St Madoc Centre is a not-for-profit youth camp, usually catering for church and school groups. It is open to children of all ages and all religious backgrounds and is nestled amongst a rich tapestry of habitats including woodland and coastland. The site therefore has a vast array of biodiversity and the centre aims to allow young visitors to experience the outdoors and learn outdoor skills, something that often children, especially from more disadvantaged backgrounds, do not have the opportunity to enjoy at home.
Sarah Leedham, the Environment Wales Management Grant funded post-holder, kindly took us on a tour of the idyllic surroundings, which began in the woodland area of the site. The woodland was not dense and so the light danced through the leaves of the trees and various plants, fresh from their winter sleep, erupted from every nook and cranny. These included fresh, lime-green unfurling ferns and primroses that threatened to reclaim the meandering pathways. We passed a bee hive which an external group currently manages and the group wish to expand this area of activity to provide interpretation for their visitors.
Sarah then led us to a pond area which boasted its own, unique residents and she explained that this area provided an opportunity for children to try their hand at pond-dipping. We then walked past a bird-feeding station, past a small growing area complete with polytunnel and an outdoor classroom, the perfect place for children to learn.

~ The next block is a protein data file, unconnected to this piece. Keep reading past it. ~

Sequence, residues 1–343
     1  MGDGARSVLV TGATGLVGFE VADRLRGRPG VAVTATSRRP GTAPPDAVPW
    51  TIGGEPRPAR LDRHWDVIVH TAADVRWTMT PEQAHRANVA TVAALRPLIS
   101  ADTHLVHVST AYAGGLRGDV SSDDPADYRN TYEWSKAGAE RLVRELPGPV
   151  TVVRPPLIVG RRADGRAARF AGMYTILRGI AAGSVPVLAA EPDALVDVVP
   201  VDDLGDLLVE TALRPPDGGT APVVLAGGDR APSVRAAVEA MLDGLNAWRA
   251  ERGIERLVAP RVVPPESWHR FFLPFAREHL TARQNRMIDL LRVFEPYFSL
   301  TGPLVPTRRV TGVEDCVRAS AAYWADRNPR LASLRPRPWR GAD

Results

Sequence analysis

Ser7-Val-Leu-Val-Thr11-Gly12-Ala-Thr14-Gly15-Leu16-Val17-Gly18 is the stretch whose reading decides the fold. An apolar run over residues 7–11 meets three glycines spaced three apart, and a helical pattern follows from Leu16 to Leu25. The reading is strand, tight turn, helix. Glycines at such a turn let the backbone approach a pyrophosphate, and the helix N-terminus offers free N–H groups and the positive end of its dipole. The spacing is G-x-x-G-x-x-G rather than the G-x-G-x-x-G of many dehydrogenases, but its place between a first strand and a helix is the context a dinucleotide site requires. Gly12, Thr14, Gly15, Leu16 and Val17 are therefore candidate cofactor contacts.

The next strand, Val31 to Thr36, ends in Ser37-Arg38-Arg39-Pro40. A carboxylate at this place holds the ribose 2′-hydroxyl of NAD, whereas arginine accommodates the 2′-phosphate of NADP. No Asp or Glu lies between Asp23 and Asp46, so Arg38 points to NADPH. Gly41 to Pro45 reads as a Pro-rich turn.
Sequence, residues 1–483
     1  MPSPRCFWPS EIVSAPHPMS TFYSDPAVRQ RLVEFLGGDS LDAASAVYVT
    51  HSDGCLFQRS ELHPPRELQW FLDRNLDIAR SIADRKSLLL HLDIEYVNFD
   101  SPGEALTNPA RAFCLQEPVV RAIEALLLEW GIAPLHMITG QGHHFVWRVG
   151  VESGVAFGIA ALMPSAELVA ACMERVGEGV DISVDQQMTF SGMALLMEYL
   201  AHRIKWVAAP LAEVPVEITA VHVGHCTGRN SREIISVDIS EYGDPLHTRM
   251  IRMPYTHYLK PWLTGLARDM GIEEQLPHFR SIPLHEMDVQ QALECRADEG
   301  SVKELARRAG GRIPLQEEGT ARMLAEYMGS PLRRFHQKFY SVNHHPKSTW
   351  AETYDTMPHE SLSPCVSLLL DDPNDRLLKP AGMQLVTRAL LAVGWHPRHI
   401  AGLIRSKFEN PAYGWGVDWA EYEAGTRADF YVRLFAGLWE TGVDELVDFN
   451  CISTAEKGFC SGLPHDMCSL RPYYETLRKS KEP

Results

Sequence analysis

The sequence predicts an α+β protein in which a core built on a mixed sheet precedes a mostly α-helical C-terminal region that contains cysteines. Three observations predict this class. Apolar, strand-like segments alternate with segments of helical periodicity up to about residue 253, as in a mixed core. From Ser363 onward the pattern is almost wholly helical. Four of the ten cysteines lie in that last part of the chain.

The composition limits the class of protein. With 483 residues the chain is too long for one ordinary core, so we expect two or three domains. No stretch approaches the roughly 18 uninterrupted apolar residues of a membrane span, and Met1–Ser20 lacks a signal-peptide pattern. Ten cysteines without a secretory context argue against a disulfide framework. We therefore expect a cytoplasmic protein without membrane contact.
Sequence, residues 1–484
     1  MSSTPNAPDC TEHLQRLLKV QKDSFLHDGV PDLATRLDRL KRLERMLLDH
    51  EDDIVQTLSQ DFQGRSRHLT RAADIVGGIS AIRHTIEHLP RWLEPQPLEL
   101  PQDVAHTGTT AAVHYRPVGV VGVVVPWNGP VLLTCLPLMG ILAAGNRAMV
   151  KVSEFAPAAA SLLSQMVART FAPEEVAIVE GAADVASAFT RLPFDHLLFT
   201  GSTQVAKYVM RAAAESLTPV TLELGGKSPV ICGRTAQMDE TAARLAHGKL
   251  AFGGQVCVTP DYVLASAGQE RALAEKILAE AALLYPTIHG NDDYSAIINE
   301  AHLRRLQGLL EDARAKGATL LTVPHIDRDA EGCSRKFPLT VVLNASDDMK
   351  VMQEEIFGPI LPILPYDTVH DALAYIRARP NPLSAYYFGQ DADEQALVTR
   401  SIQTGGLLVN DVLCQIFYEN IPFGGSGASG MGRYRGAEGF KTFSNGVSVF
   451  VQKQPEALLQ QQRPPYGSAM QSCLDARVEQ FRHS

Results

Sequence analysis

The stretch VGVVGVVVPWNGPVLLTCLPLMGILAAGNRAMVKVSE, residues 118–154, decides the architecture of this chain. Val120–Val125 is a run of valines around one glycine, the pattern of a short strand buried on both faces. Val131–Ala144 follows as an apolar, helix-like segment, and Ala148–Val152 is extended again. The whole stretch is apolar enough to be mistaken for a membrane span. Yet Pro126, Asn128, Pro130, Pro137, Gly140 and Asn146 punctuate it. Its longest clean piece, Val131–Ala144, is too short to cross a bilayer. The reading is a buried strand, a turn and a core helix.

We were then led onto the cliffs overlooking the sea, which was quite a sight after being surrounded by trees for the majority of our journey. Sarah lifted some reptile mats laid along the boundary of a field backing onto the cliff-tops and I saw my first adder – a male in this case, given away by his black markings. Butterflies busied themselves regardless of our clumsy steps, but unfortunately all of the common lizards were alerted to our presence and scuttled from their warm basking spots for cover. Sarah’s keen eye caught site of them but they were too fast for the rest of us to see.
Sarah told us of the centre’s activities and how they are able to support children from low income families to attend the centre with bursaries. The centre can provide a programme of activities for the youngsters, but often they just provide one or two educational activities and then the schools/churches have their own activities planned, set against the idyllic back-drop of the site. It was clear to see not only the educational opportunities in terms of biodiversity, habitats, and food growing that the centre provides, but also the social benefits, with children of all backgrounds being able to play and enjoy the outdoors together, far away from any stresses they might have at home.
We left the centre with a definite feeling of calm, appreciative of having had the opportunity of seeing such a wonderfully diverse site and to help support such a wonderful home for a myriad of small creatures.
Kate Fletcher, Environment